Stickney Crater, the largest crater on the martian moon Phobos, is named for Chloe Angeline Stickney Hall, mathematician and wife of astronomer Asaph Hall. Asaph Hall discovered both the Red Planet's moons in 1877. Over 9 kilometers across, Stickney is nearly half the diameter of Phobos itself, so large that the impact that blasted out the crater likely came close to shattering the tiny moon. This stunning, enhanced-color image of Stickney and surroundings was recorded by the HiRISE camera onboard the Mars Reconnaissance Orbiter as it passed within some six thousand kilometers of Phobos in March of 2008. Even though the surface gravity of asteroid-like Phobos is less than 1/1000th Earth's gravity, streaks suggest loose material has slid down inside the crater walls over time. Light bluish regions near the crater's rim could indicate a relatively freshly exposed surface. The origin of the curious grooves along the surface is mysterious but may be related to the crater-forming impact. digg_url = 'http://apod.nasa.gov/apod/ap091107.html'; digg_skin = 'compact';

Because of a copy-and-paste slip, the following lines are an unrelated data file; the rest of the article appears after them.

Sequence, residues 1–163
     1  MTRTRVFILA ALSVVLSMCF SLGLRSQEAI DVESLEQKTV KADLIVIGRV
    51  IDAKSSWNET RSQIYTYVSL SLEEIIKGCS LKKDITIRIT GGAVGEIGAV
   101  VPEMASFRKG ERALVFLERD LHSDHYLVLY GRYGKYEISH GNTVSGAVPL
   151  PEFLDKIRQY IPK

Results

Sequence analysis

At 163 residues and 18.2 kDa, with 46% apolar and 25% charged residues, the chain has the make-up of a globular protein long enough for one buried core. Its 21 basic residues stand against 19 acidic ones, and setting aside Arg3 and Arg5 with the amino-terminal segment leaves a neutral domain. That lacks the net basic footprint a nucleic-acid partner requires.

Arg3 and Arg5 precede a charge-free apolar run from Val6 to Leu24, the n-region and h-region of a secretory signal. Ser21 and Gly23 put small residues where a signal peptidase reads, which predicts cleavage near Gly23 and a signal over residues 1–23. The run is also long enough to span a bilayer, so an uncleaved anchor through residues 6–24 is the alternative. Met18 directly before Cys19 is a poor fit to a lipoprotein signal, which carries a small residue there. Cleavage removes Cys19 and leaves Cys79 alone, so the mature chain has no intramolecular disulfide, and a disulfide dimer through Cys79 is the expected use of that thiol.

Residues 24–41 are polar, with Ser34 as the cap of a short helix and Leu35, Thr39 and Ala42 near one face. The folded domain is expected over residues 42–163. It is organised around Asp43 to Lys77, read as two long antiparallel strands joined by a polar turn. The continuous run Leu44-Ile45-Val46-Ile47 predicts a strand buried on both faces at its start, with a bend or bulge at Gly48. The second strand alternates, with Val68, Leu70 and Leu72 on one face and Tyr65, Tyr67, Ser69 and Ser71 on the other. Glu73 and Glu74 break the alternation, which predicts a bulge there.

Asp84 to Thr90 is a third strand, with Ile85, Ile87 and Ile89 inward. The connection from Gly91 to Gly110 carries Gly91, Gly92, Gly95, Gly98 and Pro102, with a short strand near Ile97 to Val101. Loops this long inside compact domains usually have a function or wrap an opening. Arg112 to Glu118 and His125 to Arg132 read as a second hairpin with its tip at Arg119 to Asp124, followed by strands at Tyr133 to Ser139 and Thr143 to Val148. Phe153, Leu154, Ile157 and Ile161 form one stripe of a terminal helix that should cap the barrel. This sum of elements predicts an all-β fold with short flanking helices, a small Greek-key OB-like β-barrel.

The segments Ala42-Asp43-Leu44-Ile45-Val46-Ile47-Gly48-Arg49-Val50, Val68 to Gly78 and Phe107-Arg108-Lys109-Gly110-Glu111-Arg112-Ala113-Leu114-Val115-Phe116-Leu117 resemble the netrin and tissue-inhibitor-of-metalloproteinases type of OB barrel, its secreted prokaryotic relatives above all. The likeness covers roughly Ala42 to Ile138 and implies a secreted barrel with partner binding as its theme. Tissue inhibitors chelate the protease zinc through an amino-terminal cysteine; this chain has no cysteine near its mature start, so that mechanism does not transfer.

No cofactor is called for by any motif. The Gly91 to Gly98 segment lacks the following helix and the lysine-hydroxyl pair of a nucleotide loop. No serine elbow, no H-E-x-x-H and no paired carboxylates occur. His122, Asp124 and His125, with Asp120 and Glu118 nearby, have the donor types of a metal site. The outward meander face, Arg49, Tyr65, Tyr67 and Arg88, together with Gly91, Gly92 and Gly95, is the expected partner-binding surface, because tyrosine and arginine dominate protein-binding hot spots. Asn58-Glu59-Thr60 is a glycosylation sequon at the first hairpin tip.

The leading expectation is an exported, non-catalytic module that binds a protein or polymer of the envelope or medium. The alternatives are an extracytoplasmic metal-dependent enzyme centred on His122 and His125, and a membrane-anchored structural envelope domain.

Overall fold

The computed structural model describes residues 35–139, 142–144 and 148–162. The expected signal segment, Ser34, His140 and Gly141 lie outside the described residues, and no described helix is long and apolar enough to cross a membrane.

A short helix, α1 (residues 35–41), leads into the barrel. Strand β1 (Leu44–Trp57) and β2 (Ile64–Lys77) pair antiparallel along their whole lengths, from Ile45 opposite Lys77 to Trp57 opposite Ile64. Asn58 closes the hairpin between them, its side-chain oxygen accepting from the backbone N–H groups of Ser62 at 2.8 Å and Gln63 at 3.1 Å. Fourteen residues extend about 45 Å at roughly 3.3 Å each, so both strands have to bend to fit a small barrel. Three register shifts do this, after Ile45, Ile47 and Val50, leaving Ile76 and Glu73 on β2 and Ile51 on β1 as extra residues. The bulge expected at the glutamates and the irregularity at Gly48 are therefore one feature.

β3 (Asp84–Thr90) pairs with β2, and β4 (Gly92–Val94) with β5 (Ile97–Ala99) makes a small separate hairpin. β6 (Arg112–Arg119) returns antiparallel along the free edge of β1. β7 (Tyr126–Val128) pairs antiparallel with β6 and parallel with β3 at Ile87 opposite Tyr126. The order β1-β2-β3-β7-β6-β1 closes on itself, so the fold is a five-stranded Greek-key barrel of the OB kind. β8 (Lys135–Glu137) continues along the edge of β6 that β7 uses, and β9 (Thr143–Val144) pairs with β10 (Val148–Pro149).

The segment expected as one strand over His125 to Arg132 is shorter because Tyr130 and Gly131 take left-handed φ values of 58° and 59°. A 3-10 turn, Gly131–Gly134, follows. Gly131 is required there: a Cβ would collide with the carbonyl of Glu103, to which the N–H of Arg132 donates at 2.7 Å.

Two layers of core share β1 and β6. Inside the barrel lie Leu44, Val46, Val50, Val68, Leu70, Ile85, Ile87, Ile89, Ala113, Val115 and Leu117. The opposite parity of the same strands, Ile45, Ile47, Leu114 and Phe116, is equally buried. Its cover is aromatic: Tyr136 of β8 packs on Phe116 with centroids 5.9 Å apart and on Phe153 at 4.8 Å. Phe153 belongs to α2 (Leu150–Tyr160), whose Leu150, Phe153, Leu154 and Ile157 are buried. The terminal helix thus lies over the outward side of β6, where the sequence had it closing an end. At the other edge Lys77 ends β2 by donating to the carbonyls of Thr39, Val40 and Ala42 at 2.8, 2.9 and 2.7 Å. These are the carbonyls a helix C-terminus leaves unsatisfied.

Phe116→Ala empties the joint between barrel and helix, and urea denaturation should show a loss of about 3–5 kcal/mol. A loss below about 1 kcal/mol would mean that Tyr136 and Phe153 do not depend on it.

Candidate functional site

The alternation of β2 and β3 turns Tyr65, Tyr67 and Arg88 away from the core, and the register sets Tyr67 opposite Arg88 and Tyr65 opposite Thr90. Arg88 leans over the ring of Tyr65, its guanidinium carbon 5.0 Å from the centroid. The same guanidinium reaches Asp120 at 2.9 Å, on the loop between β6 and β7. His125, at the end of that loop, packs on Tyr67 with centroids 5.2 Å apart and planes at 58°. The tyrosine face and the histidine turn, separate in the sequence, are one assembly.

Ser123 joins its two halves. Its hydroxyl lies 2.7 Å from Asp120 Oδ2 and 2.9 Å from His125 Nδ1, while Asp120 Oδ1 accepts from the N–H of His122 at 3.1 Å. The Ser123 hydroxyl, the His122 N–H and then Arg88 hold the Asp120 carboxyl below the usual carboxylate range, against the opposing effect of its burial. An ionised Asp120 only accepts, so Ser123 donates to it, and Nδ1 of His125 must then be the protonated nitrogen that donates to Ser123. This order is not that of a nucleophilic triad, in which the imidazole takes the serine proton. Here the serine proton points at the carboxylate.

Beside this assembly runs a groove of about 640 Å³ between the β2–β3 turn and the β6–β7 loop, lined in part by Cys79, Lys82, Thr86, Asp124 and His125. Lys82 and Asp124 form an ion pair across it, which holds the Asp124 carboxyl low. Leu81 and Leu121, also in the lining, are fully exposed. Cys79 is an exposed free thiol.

M7: Open Star Cluster in Scorpius

M7 is one of the most prominent open clusters of stars on the sky. The cluster, dominated by bright blue stars, can be seen with the naked eye in a dark sky in the tail of the constellation of the Scorpion (Scorpius). M7 contains about 100 stars in total, is about 200 million years old, spans 25 light-years across, and lies about 1000 light-years away. The above deep exposure was taken last month over several nights from Yalbraith, NSW, Australia. The M7 star cluster has been known since ancient times, being noted by Ptolemy in the year 130 AD. Also visible are a dark dust cloud and literally millions of unrelated stars towards the Galactic center. digg_url = 'http://apod.nasa.gov/apod/ap091108.html'; digg_skin = 'compact';

NGC 2623: Galaxy Merger from Hubble